Welcome to Jenner & Block’s Government Contracts Legal Round‑Up, a biweekly update on important government contracts developments. This update offers brief summaries of key developments for government contracts legal, compliance, contracting, and business executives. Please contact any of the professionals at the bottom of the update for further information on any of these topics.
1. Proposed Nondisplacement Rule (July 15, 2022)
The Biden Administration just issued a proposal to reinstitute the nondisplacement rule, which provides that contractors and subcontractors performing on covered Federal service contracts must in good faith offer to rehire employees supporting the predecessor contract.
- Under the proposed rule, at least 10 business days before contract expiration, departing contractors must provide the incoming contractor a list of all service employees working on the contract during the last month of performance. The incoming contractor must then give incumbent employees express bona fide offers for employment in positions for which they are qualified. Employees must be given at least 10 business days to accept the offer.
- There are key differences between the proposed rule and the version of the rule that existed under the Obama Administration, including that the new rule applies to contractors performing work at a different location than the predecessor contractor.
Comments on this proposed rulemaking are due August 15, 2022.
1. Zafer Construction Co. v. United States, Fed. Cir. No. 21-1547 (July 18, 2022)
- In a highly anticipated decision, the Federal Circuit discussed the distinctions between claims and Requests for Equitable Adjustment (REA) in Contract Disputes Act (CDA) litigation.
- The unanimous opinion (authored by Judge Hughes and joined by Judges Newman and Reyna) confirms that a contractor submission qualifies as a claim under the CDA—even when styled as an REA—if it satisfies the definition of “claim”, is properly certified, and sufficiently requests a contracting officer’s decision.
- The opinion acknowledges that this flexible standard may result in some confusion as to when exactly a claim has been submitted, and “might create room for gamesmanship,” but concludes that “the Government has tools to address this challenge.”
Contractors attempting to submit REAs should pay careful attention to this decision to understand whether their submission may be deemed a formal claim.
1. ZeroAvia, Inc. v. United States, Fed. Cl. No. 21-1991 (July 11, 2022)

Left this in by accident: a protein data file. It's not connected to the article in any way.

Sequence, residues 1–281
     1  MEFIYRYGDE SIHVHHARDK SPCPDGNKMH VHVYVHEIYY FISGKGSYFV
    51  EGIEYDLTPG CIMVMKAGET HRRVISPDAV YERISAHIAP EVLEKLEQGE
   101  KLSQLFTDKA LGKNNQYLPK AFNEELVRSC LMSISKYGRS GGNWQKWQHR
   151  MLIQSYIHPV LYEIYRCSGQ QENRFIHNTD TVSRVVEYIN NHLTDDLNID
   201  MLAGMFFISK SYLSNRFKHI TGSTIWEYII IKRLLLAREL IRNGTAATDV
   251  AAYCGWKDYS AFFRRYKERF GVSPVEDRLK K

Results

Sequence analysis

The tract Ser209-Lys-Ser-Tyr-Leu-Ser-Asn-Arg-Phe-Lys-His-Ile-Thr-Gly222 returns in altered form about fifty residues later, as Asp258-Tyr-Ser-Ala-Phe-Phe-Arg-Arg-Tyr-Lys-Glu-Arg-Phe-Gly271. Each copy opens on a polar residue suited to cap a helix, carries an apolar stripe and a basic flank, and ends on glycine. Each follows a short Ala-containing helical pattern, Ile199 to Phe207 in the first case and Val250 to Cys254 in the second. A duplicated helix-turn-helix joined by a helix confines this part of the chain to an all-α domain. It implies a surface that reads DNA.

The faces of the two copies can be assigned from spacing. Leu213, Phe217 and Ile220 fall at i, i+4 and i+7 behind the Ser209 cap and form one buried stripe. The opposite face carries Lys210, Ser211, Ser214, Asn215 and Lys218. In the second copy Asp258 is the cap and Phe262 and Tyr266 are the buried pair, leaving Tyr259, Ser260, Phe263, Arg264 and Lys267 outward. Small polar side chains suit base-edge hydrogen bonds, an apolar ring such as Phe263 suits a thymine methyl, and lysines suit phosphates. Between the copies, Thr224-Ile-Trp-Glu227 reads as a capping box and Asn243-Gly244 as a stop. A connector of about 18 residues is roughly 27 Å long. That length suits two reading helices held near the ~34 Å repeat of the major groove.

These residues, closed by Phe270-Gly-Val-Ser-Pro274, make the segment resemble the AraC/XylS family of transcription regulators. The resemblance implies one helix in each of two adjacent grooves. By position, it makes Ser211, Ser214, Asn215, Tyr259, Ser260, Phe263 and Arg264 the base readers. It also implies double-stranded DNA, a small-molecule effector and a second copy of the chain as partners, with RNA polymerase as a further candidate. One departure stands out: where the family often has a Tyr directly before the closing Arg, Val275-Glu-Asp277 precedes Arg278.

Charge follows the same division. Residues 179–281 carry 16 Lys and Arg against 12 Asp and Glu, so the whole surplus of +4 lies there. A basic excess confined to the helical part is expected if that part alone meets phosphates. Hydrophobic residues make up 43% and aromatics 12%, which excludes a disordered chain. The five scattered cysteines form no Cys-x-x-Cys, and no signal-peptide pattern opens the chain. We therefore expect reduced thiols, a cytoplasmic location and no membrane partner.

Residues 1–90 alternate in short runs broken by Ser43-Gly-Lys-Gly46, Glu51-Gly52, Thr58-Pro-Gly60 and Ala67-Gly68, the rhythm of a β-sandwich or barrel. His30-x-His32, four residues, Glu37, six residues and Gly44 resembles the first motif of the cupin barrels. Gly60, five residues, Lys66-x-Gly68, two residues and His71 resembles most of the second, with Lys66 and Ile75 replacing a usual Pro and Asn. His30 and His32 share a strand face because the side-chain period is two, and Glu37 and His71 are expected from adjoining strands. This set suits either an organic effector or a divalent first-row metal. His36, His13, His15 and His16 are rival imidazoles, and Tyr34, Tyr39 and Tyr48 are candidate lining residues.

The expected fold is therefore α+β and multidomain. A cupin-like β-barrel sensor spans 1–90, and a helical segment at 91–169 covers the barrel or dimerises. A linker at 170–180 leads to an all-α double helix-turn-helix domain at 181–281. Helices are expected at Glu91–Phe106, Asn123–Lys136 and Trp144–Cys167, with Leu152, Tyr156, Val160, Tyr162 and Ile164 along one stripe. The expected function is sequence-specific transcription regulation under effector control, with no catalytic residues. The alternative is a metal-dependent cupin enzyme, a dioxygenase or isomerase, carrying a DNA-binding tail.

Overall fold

- Court of Federal Claims (COFC) Judge Dietz dismissed a bid protest complaint for lack of standing based on an apparent failure to plead sufficiently detailed allegations of procurement error and prejudice.
- While it is common for the COFC to dismiss bid protests based on procedural issues (e.g., timeliness and standing) after the case is fully briefed, it is relatively rare for the court to dismiss a bid protest complaint for lack of sufficiently detailed allegations.
- The opinion explains that rather than reaching the merits, the COFC found that the plaintiff “has not provided sufficient factual support for its alleged procurement errors to establish that it has standing to bring its protest,” noting that the plaintiff “bears the burden to establish that it has standing as part of its complaint.”
This case is a reminder that threshold pleading standards do apply to bid protest complaints filed at the COFC, and failure to provide sufficiently detailed allegations in a complaint may in some cases warrant dismissal.
2. Quality Technology, Inc., B-420576.3 (June 30, 2022)
- The agency initially selected QuTech for award, resulting in a GAO protest from disappointed offerors, including Sparksoft. The agency took corrective action and then selected Sparksoft for award.
- QuTech protested the award to Sparksoft, raising a novel argument that “the agency’s consideration of the arguments presented in Sparksoft’s protest challenging the initial award to QuTech constitute discussions, which the agency conducted unequally with only Sparksoft.”
- GAO dismissed this novel argument as legally insufficient, emphasizing that there was no evidence “that the agency communicated with Sparksoft about the firm’s proposal—or that the agency permitted Sparksoft to modify its proposal,” and GAO was not aware of any legal authority to support “the contention that the submission of a protest amounts to discussions with the agency.”
The arguments presented in this protest reflect the frustration that follows when a company receives a contract award, only to have the agency take corrective action in response to a protest and change its award decision in favor of the protester. GAO decisions typically treat two award decisions as standing alone and do not second guess the agency’s decision to take corrective action or to select a new awardee. The protester here raised a novel discussions argument in attempt to turn the tables once more, but GAO would not take the bait.